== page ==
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. UN climate chief spurs talks on new global warming pact

by Staff Writers
Bonn (AFP) June 12, 2008
UN climate chief Yvo de Boer called on industrialised countries on Thursday to start showing some of their cards in a slow-paced poker game whose prize is a new pact to tackle global warming.

De Boer, executive secretary of the UN Framework Convention on Climate Change (UNFCCC), said talks unfolding among senior officials here marked "the first time that people are getting down to serious negotiations" for a historic deal in Copenhagen in December next year.

But, he warned, many positions had so far been "incredibly generic" and this problem of vagueness among industrialised countries was especially worrying.

The June 3-13 Bonn talks should issue "a very clear call on governments to start submitting their ideas on what should be the key elements of a Copenhagen outcome," said de Boer.

He warned: "Politically, if Copenhagen fails we would be in huge trouble. I think that people would then begin to question the utility of this process."

Last December, parties to the UNFCCC set down a "Bali Roadmap" of talks designed to climax in the most ambitious and complex environmental treaty ever attempted.

The post-2012 pact would succeed the current pledges made under the UNFCCC's cornerstone accord, the Kyoto Protocol.

It would commit countries to deeper curbs on the heat-trapping gases that are driving climate change.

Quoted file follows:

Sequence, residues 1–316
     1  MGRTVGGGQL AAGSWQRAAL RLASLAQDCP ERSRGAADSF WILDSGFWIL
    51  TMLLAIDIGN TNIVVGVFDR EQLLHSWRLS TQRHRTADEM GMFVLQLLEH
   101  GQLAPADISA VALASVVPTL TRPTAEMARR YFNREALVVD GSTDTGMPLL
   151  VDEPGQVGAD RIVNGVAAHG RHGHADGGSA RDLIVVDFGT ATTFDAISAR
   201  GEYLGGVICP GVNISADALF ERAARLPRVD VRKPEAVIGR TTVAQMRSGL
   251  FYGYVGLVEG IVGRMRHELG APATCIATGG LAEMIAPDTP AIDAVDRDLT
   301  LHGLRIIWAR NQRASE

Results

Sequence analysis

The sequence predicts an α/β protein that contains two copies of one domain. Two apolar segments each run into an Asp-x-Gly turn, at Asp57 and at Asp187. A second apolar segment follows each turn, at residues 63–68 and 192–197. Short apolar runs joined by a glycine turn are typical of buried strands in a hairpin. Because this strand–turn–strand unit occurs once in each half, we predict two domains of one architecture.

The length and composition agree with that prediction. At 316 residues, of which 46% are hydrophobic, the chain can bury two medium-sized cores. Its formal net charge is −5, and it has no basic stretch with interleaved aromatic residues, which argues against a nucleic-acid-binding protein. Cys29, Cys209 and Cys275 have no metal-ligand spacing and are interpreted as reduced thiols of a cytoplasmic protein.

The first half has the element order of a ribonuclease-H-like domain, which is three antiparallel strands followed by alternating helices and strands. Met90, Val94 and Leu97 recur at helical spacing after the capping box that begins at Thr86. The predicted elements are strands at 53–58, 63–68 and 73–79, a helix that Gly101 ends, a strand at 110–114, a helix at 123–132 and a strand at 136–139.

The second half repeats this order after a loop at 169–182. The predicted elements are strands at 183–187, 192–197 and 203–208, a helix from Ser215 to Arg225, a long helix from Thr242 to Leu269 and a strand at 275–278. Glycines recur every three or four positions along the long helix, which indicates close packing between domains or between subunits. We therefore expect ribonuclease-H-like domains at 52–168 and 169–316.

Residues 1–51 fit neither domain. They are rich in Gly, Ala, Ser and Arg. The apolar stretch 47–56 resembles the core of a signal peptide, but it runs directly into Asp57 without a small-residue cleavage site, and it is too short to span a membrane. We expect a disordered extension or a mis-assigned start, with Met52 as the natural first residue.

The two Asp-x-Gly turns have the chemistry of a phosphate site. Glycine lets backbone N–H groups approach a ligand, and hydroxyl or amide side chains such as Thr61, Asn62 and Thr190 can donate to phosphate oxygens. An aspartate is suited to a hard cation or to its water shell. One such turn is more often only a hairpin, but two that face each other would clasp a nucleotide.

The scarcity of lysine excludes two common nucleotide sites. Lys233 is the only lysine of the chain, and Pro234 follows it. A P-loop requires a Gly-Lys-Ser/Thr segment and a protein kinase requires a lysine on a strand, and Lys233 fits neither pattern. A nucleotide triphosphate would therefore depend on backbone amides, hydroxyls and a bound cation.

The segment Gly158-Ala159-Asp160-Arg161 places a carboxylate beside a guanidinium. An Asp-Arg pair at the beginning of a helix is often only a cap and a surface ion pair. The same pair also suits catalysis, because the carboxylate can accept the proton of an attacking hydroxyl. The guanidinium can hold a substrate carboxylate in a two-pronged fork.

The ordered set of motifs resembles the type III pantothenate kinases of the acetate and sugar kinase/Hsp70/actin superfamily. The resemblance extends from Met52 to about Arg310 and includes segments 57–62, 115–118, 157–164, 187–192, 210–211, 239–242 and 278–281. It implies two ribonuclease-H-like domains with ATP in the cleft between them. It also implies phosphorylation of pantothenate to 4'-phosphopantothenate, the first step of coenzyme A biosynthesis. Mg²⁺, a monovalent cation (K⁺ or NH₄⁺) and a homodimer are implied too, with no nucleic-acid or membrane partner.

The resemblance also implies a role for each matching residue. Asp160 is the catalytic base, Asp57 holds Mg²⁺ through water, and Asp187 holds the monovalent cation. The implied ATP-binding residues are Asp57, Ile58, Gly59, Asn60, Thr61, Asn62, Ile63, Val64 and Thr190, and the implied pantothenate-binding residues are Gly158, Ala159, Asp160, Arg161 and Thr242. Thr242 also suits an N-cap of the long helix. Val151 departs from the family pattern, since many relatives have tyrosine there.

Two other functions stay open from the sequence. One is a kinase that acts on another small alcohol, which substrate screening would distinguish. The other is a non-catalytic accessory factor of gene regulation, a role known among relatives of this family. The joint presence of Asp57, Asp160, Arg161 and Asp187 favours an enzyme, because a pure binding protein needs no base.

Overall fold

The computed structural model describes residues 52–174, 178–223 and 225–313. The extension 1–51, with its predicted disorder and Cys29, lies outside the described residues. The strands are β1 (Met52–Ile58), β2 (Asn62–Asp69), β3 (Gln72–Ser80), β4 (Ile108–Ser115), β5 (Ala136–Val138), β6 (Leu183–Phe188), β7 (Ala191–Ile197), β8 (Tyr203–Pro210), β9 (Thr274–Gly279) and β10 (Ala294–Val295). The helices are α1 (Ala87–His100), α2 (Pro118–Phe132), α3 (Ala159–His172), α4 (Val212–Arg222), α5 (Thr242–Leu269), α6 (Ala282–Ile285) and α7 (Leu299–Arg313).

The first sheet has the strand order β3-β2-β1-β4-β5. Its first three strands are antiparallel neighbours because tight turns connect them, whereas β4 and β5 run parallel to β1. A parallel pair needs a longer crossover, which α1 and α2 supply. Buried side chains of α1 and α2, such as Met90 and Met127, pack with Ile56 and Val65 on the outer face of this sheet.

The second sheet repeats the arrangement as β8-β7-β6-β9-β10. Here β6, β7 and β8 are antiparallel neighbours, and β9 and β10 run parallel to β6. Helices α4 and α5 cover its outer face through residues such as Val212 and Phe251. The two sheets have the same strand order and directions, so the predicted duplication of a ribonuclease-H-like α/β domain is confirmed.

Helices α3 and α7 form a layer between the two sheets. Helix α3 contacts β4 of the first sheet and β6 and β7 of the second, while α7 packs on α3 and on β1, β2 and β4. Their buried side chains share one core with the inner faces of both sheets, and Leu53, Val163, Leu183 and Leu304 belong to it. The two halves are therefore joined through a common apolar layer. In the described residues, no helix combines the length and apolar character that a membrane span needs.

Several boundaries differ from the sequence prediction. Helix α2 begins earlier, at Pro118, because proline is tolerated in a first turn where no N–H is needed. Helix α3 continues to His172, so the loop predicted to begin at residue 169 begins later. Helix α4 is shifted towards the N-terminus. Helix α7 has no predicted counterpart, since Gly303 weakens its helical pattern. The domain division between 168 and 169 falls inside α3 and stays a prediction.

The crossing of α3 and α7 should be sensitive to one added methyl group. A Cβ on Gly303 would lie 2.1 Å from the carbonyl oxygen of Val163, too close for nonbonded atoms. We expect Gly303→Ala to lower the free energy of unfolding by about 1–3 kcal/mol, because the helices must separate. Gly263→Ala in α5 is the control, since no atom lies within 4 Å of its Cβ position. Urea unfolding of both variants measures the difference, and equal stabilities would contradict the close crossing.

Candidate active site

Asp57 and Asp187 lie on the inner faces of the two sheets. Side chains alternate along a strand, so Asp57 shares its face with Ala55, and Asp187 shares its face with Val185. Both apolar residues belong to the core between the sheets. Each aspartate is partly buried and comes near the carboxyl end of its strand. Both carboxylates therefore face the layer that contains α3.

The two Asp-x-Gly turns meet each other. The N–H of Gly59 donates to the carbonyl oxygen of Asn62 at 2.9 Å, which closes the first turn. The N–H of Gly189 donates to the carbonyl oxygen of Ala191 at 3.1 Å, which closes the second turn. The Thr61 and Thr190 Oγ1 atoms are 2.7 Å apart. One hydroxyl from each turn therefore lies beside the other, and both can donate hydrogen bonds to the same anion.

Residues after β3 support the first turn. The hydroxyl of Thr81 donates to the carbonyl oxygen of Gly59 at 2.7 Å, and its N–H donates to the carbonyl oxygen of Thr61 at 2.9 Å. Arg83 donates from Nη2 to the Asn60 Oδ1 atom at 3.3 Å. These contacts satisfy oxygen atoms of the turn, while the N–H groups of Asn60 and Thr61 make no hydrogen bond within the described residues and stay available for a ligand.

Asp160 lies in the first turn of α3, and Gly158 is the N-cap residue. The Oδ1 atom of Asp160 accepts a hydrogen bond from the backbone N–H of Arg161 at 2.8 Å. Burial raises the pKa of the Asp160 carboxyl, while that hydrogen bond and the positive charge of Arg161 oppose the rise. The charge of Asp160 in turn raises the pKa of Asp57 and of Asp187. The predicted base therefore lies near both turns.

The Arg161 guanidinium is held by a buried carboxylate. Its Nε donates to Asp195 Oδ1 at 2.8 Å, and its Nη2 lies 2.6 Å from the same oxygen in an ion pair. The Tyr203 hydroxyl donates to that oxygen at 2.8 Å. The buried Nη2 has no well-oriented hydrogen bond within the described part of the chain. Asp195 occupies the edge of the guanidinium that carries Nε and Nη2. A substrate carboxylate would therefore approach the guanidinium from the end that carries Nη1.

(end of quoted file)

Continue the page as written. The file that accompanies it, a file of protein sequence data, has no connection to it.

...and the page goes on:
And it would beef up the transfer of clean technology to poorer economies and strengthen financial support for those countries most at risk from water stress, rising sea levels and other damage.

The green group WWF cautioned on Thursday that "only" 536 days remained until Copenhagen.

"The ideas put on the table are only (being) translated into shopping lists rather than blueprints for negotiations," it said.

WWF urged Japan, as host of next month's summit in Hokkaido, gathering the Group of Eight (G8) and the five major economies of the developing world, to give the flagging process a boost.

Looking at specifics, de Boer said developing countries were still awaiting a signal from industrialised economies about what they intended to put on the table, especially "the critical ingredient" of money.

According to UNFCCC figures, 150 billion euros -- more than 200 billion dollars -- will have to be mustered each year by 2030.

One potential cash cow is the Kyoto Protocol's Clean Development Mechanism (CDM), under which rich countries help environmentally-friendly projects in poor countries, in such fields as cleaner energy and waste handling.

The carbon pollution averted through the scheme is transformed into credits that can be sold or deducted from the rich country's emissions quota under Kyoto.

A levy of two percent is applied to the CDM to help mobilise resources for developing countries.

A total of 1,081 CDM projects worth 13 billion dollars have been registered in 49 countries, with the potential to avert 152 million tonnes of carbon pollution by 2012.

On present trends, the two-percent levy should provide between 10 and 50 million dollars a year in resources by 2012.

But this income could rise to "some 100 billion dollars annually" if, for the post-2012 period, industrialised countries agree to reduce their emissions by 60 to 80 percent by 2050, de Boer said.

He described this as a "back-of-an-envelope calculation" based on a price for carbon dioxide (CO2) that stays above 10 dollars per tonne. On Friday, CO2 was changing hands in the EU's emissions trading system at 27.5 euros (around 40 dollars) a tonne.

Scientists say time is running out for avoiding lasting damage to the climate system.

Under one scenario sketched last year by the UN's Nobel-winning expert group, the Intergovernmental Panel on Climate Change (IPCC), industrialised nations would have to slash their emissions by 25-40 percent by 2020 compared to the 1990 level to help peg warming to two degrees Celsius (3.6 degrees Fahrenheit).

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